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When planting in a pot with no drainage, it’s important to add a few inches of coarse material to serve as a reservoir for water.  This helps prevent the soil from getting waterlogged if you over water.  I used a few inches of sea shells and gravel, and then added good potting soil with food mixed in.  Next came the plants, more soil to fill in the spaces around them, and finally a layer of gravel to dress the soil on top.  Always break up the root balls slightly and splay the bottom few inches of root to encourage their growth out into the surrounding soil.

Finally, I gave the entire arrangement a light spray at the kitchen sink to settle the soil and to rinse off the gravel.  These ferns appreciate the moisture on their foliage and will enjoy getting sprayed with cool water from time to time.   All of these plants enjoy high humidity and will dry out quickly.  It is important to check them every few days by touching the soil.  The top dressing helps conserve moisture.  Observing the color and texture of the foliage is another clue to the health and happiness of the plants.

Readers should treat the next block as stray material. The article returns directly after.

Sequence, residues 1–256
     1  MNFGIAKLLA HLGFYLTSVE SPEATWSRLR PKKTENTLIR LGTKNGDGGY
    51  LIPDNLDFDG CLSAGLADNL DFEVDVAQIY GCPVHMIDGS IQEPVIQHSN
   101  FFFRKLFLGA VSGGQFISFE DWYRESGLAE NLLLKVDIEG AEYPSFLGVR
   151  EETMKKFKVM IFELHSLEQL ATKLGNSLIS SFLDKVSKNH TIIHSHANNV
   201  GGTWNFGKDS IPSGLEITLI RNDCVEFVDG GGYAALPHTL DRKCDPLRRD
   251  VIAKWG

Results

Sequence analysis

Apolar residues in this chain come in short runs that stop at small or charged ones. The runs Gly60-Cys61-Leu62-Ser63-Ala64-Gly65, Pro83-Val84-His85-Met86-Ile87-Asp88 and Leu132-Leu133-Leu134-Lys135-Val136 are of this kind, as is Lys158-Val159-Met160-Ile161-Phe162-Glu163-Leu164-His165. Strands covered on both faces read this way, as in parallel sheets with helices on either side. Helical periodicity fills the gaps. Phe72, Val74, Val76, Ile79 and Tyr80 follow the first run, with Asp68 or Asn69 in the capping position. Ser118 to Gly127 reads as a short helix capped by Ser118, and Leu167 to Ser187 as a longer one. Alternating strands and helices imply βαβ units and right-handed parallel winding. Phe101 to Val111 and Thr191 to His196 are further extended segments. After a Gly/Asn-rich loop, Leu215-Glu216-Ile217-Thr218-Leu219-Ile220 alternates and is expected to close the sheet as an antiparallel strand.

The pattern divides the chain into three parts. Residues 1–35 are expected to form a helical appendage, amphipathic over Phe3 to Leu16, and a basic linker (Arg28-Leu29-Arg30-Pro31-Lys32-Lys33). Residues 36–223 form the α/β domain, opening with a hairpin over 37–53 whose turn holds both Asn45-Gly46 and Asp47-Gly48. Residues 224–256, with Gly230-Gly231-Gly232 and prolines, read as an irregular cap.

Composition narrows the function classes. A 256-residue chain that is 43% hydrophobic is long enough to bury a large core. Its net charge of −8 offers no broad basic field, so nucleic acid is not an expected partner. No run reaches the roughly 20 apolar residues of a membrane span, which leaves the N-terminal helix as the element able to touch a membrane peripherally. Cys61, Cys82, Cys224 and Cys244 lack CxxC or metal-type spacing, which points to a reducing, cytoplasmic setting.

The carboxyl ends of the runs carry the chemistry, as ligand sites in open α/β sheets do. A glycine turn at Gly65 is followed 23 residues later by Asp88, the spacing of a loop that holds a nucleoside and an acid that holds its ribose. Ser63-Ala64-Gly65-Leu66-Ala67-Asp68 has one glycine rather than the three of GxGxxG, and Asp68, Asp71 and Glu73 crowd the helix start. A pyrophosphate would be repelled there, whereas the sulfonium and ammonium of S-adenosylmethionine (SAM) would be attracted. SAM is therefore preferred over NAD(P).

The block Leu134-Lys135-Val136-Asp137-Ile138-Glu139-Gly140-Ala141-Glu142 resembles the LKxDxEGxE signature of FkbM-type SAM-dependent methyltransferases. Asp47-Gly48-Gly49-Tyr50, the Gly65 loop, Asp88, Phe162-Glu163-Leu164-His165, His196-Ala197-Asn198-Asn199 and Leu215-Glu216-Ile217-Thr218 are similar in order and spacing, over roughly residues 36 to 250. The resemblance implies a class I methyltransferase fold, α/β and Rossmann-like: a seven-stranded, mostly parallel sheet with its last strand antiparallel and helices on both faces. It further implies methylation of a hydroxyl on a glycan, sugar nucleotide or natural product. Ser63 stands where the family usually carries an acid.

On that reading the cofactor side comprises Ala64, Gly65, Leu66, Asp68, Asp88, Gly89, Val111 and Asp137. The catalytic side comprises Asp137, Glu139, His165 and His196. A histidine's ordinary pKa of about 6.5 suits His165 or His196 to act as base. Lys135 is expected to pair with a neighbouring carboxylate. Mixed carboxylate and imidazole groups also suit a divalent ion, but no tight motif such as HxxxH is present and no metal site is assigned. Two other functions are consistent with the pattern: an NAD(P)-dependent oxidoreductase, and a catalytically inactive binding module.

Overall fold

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When choosing plants to enjoy indoors during the winter, make sure to choose plants which can thrive in low to medium light.  If they begin to stretch out for light, move them to an area closer to your windows during the daytime and  when you aren’t at home, then move them back to the dining table in the evening or when you’re entertaining.

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Another small fern, and a Rex Begonia are planted on the back side, where they should begin to fill in within a few weeks.

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Other excellent choices to work in a similiar container would be poinsettias, orchids, cyclamen, and ivy.  All of these tough and beautiful houseplants offer color and beautiful form, bloom during the winter, and are widely available in December.  Christmas cactus doesn’t make my list because it demands brighter light, and the flowers are messy when they drop.  I grow them, but keep them closer to the windows and grouped with other plants.

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So go ahead and construct a living holiday centerpiece now with an expectation to enjoy it for at least the next six to eight weeks.  Let its beauty and color add to your enjoyment of the holiday season.  It is not huge investment at all, especially if you use a container you already own.  This arrangement, including the $10.00 bowl, came in at about $22.00.  Every piece of it will be used again in another way after the holidays.

What a beautiful gift for your own family, or for a loved one.

All Photos by Woodland Gnome.

“If you really know how to live, what better way to start the day than with a smile?…Smiling helps you approach the day with gentleness and understanding…Smile with your whole being. ”

Thich Nhat Hanh